The Golden Key by Marian Womack- Book Review

The Golden Key, by Marian Womack, is a fantasy that has all my favourite themes- a suitably gothic atmosphere, the supernatural, creepy villains and a rational, feminist detective has a mystery to solve.

The Golden Key is another book I picked because of the amazing cover. But I am glad that I did buy this book and finished the book in one sitting. The story is so much more than then you would expect from the blurb’s description. This book has seances, mysteries, great characters, a suitably eerie atmosphere, creepy villains, feminism and other interesting strands but would be spoiling the book if I mentioned anymore.

I normally don’t add the blurb in my reviews but here is it.

London, 1901. After the death of Queen Victoria, the city heaves with the uncanny and the eerie. Séances are held and the dead are called upon from darker realms.

 Samuel Moncrieff, recovering from a recent tragedy of his own, meets Helena Walton-Cisneros, one of London’s most reputed mediums. But Helena is not what she seems and she’s enlisted by the elusive Lady Matthews to solve a twenty-year-old mystery: the disappearance of her three stepdaughters who vanished without a trace on the Norfolk Fens.

 But the Fens are a liminal land, where folk tales and dark magic still linger. With locals that speak of devilmen and catatonic children found on the Broads. Here, Helena finds what she was sent for, as the Fenland always gives up its secrets in the end…….


Helena, an investigator, Eliza, the scientifically minded sister of the local Doctor and Sam, a man with a mysterious past are the main POV characters. These are interspersed with reports from The New Occultist Defence League and other little interesting POVs from other people.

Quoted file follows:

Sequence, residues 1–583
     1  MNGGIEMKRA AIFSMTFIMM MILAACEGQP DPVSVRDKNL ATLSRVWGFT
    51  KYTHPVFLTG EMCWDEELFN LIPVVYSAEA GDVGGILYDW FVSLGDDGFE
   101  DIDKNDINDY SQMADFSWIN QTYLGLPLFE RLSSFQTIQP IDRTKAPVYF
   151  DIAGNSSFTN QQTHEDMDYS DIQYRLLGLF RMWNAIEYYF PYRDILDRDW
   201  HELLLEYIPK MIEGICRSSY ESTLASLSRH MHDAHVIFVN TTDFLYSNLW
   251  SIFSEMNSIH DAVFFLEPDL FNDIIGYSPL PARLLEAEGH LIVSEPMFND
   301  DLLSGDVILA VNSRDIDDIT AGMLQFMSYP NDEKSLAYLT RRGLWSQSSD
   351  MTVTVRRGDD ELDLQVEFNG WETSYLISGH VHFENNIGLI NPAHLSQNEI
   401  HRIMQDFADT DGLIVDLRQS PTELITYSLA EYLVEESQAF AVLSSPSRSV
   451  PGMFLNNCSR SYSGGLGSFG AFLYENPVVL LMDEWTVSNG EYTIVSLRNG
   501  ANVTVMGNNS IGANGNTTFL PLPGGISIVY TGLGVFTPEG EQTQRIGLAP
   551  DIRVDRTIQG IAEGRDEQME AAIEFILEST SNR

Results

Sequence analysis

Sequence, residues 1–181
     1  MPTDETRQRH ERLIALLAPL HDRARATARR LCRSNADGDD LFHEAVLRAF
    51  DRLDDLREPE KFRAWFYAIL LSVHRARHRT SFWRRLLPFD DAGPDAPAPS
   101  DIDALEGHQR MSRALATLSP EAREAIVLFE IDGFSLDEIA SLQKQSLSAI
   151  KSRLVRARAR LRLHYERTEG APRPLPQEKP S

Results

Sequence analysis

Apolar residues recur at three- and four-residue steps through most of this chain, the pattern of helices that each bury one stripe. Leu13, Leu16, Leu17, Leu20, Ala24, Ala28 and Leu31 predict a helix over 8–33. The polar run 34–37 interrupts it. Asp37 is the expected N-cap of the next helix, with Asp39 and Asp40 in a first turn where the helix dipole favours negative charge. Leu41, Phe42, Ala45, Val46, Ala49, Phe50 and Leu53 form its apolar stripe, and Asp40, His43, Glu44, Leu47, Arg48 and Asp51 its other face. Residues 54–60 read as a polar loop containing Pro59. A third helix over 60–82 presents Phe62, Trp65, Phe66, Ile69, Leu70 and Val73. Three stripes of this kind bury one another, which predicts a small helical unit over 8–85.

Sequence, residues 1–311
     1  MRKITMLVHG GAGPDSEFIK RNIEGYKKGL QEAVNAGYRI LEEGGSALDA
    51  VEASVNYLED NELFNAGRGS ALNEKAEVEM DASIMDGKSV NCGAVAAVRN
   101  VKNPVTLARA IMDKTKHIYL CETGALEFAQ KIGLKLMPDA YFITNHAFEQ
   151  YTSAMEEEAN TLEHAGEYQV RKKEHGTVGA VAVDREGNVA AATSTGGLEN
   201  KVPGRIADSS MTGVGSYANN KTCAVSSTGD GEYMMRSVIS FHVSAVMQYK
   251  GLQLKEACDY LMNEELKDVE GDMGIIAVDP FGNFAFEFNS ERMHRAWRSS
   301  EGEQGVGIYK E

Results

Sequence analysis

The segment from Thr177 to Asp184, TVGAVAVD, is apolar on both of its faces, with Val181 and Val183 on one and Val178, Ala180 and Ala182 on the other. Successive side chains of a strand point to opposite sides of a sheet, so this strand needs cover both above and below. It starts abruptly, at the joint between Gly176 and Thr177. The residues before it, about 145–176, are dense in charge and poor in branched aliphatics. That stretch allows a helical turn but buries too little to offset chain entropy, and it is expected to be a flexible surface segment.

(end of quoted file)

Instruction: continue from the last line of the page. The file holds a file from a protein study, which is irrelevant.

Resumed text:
Sam is in mourning for Viola and his uncle takes him to a seance where he views a horrifying manifestation and finds that after the seance strange things keep happening to him. In the meantime, a friend of his Uncle has hired Helena to look into the disappearance of her stepdaughters twenty years ago. The two strands eventually merge to a satisfying conclusion.

The story comes alive when Helena enters the picture. A perceptive woman hides her intelligence by pretending her ability to solve complex crimes is a byproduct of being psychic. A rational woman who despite pretending to be Psychic does not believe in the supernatural. Her struggle to be accepted as a professional rings true in Victorian England. The book is atmospheric with its description of Fens’ creepiness and the increasing unease everyone has around Sam.

The book packs a lot on 320 pages. I wish it was a bit longer as the end was a bit abrupt and a little open-ended. A little more explanation would have helped to make the ending less confusing.

Content warning

Death and disappearance of children, some description of domestic abuse.

Perfect for Fans of

Gothic fantasy. From the back of the book, Rawblood and The Essex Serpent


4 and a half stars .

I would recommend this to anyone who would like a quick and enjoyable read with great characters and atmosphere .

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